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The protective effect of alpha thalassaemia (-alpha/alpha alpha) against morbidity from falciparum malaria was assessed in a prospective study of rural Gambian children. The gene frequency for single alpha-globin gene deletions was 0.12. Malariometric indices measured during cross-sectional surveys and morbidity from malaria determined by weekly surveillance were similar in children with alpha thalassaemia and in those with a normal alpha-globin genotype. However, the small number of children who carried both alpha thalassaemia and the sickle cell trait had fewer clinical episodes of malaria than children with the sickle cell trait alone. Specific antibody responses and cell-mediated immune responses in vitro to defined Plasmodium falciparum antigens were measured in children participating in the study. In general, there was no evidence of an increased prevalence or intensity of humoral or cell-mediated immune responses to the malaria antigens studied in children heterozygous for alpha thalassaemia compared with children with a normal alpha-globin genotype.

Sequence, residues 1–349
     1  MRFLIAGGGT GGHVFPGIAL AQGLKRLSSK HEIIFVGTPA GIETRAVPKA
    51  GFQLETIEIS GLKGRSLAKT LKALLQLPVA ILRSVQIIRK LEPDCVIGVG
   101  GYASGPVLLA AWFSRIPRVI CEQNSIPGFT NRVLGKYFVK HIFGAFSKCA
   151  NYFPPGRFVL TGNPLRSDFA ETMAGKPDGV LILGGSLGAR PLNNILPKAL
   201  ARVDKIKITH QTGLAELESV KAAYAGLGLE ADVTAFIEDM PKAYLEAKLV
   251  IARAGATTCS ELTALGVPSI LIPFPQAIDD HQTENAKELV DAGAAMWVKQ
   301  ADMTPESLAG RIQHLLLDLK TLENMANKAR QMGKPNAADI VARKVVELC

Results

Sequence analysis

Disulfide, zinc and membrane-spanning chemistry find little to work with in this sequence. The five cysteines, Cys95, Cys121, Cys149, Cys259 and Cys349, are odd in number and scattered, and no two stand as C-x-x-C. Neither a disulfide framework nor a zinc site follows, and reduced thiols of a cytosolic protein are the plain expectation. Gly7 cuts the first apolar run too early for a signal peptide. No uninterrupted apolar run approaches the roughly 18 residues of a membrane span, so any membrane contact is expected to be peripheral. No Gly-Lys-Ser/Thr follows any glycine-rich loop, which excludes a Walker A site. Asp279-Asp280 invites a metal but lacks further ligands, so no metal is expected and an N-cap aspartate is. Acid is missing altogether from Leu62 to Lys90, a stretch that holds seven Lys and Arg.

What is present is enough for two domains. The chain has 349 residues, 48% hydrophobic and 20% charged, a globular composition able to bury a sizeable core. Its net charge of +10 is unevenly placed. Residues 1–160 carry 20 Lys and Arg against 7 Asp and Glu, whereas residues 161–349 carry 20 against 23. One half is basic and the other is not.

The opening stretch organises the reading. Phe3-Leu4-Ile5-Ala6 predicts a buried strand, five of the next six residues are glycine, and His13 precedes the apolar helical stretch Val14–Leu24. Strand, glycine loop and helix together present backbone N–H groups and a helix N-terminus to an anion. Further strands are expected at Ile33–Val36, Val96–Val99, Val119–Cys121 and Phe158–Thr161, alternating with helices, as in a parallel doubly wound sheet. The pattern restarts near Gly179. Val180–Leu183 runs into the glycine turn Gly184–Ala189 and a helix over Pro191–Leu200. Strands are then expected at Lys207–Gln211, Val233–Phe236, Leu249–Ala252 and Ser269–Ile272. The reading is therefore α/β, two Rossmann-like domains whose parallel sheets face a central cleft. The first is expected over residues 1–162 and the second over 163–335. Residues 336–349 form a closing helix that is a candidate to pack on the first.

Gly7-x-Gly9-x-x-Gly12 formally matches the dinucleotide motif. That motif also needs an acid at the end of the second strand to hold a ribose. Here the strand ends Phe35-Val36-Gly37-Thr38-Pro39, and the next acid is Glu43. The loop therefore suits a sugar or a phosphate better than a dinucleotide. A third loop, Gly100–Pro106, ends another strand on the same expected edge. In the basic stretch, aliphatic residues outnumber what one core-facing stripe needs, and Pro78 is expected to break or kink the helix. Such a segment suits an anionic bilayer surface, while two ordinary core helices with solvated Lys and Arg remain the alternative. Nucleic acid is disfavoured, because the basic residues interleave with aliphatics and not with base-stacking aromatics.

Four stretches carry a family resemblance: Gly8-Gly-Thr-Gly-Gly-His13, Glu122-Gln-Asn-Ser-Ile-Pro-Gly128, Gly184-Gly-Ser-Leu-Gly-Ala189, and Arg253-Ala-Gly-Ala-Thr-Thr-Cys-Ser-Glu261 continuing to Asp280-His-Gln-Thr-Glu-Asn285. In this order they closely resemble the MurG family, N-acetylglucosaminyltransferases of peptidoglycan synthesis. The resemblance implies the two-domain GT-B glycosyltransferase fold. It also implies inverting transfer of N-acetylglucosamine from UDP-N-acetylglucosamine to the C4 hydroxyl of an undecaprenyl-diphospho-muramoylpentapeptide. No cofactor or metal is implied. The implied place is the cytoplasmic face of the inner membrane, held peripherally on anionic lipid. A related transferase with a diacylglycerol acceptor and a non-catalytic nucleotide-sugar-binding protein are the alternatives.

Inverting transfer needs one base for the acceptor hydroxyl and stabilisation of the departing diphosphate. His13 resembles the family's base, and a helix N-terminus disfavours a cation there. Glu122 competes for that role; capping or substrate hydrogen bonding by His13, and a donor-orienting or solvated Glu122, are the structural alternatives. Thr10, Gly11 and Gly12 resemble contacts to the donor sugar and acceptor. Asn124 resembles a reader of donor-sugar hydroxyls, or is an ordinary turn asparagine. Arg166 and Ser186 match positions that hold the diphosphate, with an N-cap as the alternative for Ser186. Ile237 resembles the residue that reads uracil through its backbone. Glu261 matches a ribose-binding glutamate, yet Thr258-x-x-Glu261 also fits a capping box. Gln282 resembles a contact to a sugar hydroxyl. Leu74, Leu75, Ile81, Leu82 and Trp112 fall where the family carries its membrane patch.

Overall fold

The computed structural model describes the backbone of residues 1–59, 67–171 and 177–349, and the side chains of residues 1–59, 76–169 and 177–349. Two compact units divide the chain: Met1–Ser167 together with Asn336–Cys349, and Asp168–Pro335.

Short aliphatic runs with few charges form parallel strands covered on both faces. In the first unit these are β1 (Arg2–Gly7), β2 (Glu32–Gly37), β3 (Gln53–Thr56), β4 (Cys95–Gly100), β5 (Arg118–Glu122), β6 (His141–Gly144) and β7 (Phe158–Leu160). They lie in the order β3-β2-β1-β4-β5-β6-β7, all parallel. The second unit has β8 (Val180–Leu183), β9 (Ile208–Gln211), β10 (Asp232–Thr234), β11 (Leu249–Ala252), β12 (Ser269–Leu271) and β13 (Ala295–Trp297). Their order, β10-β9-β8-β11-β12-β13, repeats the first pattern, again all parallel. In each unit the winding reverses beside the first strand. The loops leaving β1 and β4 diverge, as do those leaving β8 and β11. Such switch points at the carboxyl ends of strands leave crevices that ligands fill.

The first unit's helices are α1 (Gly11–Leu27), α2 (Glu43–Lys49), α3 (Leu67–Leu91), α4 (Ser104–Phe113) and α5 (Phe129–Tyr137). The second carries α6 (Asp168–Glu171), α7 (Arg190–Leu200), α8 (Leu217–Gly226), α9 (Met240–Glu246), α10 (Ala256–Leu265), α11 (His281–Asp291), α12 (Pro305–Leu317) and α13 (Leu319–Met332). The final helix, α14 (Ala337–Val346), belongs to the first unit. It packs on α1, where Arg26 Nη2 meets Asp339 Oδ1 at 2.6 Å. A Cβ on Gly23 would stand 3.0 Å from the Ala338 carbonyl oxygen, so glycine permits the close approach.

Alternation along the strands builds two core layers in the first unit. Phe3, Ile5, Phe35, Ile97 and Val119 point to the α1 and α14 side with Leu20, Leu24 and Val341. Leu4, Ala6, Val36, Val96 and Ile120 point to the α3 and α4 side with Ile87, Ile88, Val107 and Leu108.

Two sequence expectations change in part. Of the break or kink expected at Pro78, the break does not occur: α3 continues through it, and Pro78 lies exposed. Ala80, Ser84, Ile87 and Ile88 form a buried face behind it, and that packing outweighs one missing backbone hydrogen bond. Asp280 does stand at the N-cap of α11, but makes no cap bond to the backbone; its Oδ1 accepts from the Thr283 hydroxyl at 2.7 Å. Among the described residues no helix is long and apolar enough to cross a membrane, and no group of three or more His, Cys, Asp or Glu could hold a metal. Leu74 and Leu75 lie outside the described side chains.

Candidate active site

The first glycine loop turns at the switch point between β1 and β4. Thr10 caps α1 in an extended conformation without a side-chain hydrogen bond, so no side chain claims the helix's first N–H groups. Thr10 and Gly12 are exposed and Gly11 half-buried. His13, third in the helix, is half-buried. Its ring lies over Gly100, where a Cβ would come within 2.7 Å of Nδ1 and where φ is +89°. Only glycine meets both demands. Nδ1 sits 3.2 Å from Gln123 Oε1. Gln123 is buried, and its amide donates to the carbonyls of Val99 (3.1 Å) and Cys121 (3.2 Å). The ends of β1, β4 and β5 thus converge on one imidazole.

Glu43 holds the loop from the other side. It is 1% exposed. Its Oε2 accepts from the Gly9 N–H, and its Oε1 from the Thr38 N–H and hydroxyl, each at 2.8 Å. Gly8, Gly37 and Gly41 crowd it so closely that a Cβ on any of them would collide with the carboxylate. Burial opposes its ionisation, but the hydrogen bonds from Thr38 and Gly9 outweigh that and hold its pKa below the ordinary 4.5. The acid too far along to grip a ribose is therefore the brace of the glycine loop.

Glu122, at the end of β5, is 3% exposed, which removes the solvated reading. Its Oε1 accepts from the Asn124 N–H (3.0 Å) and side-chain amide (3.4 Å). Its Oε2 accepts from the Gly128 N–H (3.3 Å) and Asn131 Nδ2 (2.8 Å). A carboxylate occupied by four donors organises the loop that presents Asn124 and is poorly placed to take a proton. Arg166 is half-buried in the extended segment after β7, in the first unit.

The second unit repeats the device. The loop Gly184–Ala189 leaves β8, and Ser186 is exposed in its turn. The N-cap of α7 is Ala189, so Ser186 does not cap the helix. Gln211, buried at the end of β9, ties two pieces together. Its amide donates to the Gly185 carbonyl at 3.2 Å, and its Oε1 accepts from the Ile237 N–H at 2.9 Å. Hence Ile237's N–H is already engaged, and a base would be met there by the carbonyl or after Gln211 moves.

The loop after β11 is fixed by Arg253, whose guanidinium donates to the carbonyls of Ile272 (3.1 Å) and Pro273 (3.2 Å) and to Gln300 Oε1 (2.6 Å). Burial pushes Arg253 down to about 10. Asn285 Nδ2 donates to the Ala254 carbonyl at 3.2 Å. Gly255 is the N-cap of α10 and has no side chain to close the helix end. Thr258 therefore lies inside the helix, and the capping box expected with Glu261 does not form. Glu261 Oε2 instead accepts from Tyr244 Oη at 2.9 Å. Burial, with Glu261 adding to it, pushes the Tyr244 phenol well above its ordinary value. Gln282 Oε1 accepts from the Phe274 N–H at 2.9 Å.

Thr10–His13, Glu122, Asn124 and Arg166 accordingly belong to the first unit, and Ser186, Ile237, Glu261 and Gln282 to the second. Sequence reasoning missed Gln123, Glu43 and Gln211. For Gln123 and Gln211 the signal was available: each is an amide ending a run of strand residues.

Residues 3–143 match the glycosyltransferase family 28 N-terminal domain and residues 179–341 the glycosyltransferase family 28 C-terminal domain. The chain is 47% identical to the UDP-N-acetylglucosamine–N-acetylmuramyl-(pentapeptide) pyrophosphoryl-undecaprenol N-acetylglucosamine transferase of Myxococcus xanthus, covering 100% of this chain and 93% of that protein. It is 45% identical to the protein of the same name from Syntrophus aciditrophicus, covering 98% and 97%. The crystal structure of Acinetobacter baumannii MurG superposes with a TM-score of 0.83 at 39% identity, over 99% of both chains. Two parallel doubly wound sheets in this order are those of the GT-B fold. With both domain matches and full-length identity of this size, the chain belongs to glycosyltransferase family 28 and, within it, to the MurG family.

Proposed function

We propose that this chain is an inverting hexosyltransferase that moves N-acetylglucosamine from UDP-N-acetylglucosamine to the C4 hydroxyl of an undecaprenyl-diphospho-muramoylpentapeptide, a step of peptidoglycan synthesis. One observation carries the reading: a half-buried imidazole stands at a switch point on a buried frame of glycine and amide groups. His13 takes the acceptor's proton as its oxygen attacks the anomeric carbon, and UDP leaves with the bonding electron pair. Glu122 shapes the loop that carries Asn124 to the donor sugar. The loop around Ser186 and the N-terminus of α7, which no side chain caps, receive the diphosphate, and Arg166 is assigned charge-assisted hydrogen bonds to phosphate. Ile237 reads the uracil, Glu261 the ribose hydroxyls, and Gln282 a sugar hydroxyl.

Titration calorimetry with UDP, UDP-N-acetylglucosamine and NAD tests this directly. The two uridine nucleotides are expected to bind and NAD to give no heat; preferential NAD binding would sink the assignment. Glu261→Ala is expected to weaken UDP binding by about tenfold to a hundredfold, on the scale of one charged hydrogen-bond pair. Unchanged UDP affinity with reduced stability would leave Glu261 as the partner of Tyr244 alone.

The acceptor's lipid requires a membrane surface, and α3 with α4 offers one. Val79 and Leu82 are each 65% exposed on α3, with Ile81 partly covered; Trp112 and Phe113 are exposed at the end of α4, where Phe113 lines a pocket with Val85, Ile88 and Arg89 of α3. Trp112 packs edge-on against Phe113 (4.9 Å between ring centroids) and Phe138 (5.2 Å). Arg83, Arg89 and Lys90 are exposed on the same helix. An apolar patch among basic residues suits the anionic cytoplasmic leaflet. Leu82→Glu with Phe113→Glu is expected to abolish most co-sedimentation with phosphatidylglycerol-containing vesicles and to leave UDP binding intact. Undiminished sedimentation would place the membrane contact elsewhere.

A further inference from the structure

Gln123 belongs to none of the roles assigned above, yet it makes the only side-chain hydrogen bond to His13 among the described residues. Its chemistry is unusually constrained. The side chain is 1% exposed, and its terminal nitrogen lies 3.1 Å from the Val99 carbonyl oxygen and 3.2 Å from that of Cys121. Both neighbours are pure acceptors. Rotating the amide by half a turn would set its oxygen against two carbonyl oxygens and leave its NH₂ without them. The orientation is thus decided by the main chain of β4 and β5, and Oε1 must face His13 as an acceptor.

Original publication




Journal article


Trans R Soc Trop Med Hyg

Publication Date





282 - 285


Animals, Antibody Formation, Antigens, Protozoan, Child, Child, Preschool, Gambia, Humans, Lymphocyte Activation, Malaria, Falciparum, Morbidity, Plasmodium falciparum, Sickle Cell Trait, alpha-Thalassemia